We're always told not to worry about our carabiners breaking; after all, even the cheap ones are rated to 18 KN! With a breaking strength this high they should never break, but unfortunately, although it’s rare, there have been cases of carabiners breaking.
In this post you'll find out how to choose the safest carabiners, how to look after them, and when to replace them. I'll share my recommended carabiners, and also help you decide whether you need to back them up, and how to do so if you choose to.
How strong are carabiners
Many pilots wonder why their carabiners aren't backed up by a second carabiner, or a safety strap, just like all of the most highly stressed harness straps. Well, it's simply because the carabiners are so strong, and so unlikely to fail that manufacturers feel it's unnecessary.
So how strong are they?
Take a look at your carabiners, and you'll see a rating that looks something like KN 26. If you don't see a rating then don't use them for paramotoring or paragliding.
This rating means that the carabiner will handle a load of up to 26 kilonewtons along it's spine. 1 kilonewton is equal to 101.97 kilograms, so 26 KN equals 2651 KG.
This means each carabiner will easily hold the weight of a fairly large car, and we have two of them. So you can see why manufacturers don't bother backing up the main carabiners.
It's important to note that the rating you see stamped on your carabiner doesn't account for wear and tear on them. This is why it's important to look after your carabiners, and to do a thorough pre-flight check to inspect them for damage.
When carabiners break
As previously mentioned, it's very rare for a carabiner to break, but a recent incident had a lot of pilots questioning just how safe carabiners really are.
A video was posted online that clearly showed a carabiner suddenly breaking during a tandem flight. The pilot was pulling a gentle spiral, probably less than 2 G's, when the carabiner seemed to open up, and snapped along its spine.
Unfortunately the pilot didn't survive, so it's unclear whether a pre-flight inspection was carried out, or how many hours the carabiner had been used for.
This wasn't the first time a carabiner had failed though. A few years back a pilot landed as normal and unclipped his wing. As he did so, one of his aluminium carabiners split in two.
DHV Testpilot Mike Küng also experienced a broken carabiner during a normal launch. The problem was found to be an oscillating crack initiated in the chrome finishing layer.
So what can we learn from all of this?
All of these incidents happened while the pilots were using aluminium carabiners. Aluminium carabiners are generally very reliable, but you need to take care of them. Small surface scratches can turn into cracks, so protect them during transportation, and inspect them before each flight.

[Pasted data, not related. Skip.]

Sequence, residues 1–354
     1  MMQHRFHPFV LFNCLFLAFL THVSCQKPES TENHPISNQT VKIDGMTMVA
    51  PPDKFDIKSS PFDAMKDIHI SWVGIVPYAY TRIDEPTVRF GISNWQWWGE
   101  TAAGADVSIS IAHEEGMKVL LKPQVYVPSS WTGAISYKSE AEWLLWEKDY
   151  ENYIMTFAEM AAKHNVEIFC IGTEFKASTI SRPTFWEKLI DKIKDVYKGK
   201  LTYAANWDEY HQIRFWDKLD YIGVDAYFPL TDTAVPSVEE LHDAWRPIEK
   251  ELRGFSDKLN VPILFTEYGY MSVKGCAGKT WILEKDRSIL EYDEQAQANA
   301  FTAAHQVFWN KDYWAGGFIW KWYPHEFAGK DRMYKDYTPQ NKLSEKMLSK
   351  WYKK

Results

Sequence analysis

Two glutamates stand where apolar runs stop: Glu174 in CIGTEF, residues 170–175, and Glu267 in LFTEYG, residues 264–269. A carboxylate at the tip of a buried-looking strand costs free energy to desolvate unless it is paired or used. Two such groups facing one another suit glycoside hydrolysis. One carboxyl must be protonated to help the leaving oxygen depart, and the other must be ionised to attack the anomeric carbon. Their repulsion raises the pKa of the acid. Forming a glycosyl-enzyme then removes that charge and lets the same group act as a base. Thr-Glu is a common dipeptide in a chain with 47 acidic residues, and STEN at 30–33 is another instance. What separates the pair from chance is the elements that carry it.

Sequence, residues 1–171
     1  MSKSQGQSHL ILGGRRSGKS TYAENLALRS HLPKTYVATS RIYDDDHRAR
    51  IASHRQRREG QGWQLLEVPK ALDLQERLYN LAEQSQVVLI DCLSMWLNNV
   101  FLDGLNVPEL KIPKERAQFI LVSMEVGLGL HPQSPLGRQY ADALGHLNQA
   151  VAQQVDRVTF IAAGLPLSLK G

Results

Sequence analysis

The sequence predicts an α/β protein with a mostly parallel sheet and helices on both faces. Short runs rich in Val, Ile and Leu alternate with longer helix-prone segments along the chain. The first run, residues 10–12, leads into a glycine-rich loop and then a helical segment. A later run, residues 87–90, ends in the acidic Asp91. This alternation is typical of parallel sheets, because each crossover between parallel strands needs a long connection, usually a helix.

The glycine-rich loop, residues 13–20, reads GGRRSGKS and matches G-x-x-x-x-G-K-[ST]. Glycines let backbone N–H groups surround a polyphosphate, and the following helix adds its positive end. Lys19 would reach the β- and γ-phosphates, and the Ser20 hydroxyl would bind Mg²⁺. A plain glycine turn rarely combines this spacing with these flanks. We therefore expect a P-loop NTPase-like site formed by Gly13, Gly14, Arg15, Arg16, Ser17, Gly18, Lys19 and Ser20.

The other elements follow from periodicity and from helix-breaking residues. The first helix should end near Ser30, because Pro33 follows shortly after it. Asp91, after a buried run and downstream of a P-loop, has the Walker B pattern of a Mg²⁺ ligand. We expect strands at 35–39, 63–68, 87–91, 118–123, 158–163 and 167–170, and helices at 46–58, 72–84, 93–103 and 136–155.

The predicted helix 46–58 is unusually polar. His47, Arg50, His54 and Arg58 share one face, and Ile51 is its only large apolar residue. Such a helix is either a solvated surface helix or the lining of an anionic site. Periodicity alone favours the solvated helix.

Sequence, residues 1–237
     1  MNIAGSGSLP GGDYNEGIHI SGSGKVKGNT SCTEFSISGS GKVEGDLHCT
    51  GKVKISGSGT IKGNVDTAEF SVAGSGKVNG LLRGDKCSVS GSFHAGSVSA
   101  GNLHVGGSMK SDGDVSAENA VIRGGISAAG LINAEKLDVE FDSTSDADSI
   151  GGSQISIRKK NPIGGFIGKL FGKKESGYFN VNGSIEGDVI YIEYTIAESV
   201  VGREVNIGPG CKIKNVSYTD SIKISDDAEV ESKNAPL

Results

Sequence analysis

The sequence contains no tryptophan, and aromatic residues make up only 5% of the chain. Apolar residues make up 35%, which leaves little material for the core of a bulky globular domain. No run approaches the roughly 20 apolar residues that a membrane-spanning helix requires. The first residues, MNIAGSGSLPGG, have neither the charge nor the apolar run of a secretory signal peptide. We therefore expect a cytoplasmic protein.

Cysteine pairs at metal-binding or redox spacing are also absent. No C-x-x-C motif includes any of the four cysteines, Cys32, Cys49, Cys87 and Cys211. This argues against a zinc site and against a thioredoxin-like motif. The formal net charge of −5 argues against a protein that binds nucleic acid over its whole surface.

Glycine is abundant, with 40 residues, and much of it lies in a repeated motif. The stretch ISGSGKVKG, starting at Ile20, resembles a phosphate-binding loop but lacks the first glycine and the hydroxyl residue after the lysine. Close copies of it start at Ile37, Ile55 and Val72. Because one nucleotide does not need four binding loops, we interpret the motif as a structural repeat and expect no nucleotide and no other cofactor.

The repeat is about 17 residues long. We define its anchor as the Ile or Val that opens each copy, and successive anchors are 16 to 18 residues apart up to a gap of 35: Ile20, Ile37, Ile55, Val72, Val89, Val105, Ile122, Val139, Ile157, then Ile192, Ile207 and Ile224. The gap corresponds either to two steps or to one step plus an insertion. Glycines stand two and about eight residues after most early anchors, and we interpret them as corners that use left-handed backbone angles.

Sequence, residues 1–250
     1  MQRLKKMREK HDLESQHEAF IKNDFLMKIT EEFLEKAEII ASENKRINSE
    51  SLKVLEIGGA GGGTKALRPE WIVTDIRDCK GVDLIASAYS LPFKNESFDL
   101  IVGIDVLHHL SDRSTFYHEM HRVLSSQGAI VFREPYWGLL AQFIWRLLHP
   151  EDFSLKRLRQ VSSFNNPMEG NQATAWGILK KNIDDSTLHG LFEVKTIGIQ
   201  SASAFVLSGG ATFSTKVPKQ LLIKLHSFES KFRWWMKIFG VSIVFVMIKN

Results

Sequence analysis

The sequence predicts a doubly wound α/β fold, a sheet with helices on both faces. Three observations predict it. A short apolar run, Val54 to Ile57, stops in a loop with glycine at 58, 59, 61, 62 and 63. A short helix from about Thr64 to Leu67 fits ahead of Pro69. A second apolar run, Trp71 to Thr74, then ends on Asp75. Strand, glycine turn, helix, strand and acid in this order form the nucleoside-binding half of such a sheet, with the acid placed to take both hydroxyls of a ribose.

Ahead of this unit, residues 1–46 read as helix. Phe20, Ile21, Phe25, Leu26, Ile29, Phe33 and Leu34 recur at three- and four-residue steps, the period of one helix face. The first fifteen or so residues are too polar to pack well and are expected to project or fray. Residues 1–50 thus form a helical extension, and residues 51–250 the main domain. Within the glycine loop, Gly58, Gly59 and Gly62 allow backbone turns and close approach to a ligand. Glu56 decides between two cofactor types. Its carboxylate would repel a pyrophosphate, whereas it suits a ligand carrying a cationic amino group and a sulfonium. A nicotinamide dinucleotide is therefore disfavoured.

Whether you're using aluminium or steel carabiners, they will only have a certain lifespan. Repeatedly applied loads will eventually cause fatigue in all carabiners, so replace them as recommended by the manufacturer, or every 100 hours.
Other things to remember:
- The carabiners are rated with the load applied across the spine. If the carabiner is twisted, placing the load across the gate, this rating will not apply and the rating will be much less
- Carabiners can be over-stressed if they are used in the open position. This shouldn't happen in flight with good pre-flight checks, but don't be tempted to open them during hang tests etc.
- Always buy carabiners that are manufactured specifically for paramotoring. If you're flying tandems then the carabiners will need to be tandem rated.
- For more peace of mind, use stainless steel carabiners.
Recommended Paramotor Carabiners
My recommended carabiner is the popular AustriAlpin Powerfly Inox. I've been using this carabiner ever since I heard of the problems with aluminium carabiners. Inox" is short for "acier inoxydable", which is French for "stainless steel".
The Powerfly Inox features an autolock mechanism, and is suitable for general paramotoring and acro. It's super strong and rated to 26 KN across its spine, and 15 KN across its gate, meaning you're still safe if it happens to twist during launch.
AustriAlpin say it will last 5 years, or 1500 hours of flying, whichever comes first. Although it has such a long lifespan, I still change mine yearly.
You can check out this popular carabiner on eBay here > AustriAlpin Powerfly Inox.
Do you need to backup your paramotor carabiners?
If you want total peace of mind, it is possible to backup your carabiners. But is it necessary? If you're using stainless steel carabiners like the AustriAlpin Powerfly Inox, then I think not. But if you need that extra boost of confidence in your equipment then it certainly won't do any harm.
When I started flying I was using aluminium carabiners, and I did back them up. But since using the stainless steel carabiners I haven't bothered.
Since the earlier mentioned accident involving the tandem pilot, many paramotor pilots have decided to install a backup. This can be done quite easily on most paramotors by using a soft shackle, or like I did by using a soft link like the Supair Connect.
Unfortunately, most riser loops will not accept two carabiners, so a soft link is the only thing that will work. The Supair Connect is rated to 2400 daN, or 2447 KG, so it will provide an excellent backup.
Simply connect the soft link to your riser loop and leave it there permanently. You can then attach a second carabiner to your harness or your hang point, either through an existing loop, or one you have created with a second Supair Connect, depending on how far the soft link will reach.
Do this on both sides so that you can quickly and easily clip into your backup before every flight. When connecting the backup to your harness, be sure to choose the strongest point, as it will need to take a lot of weight.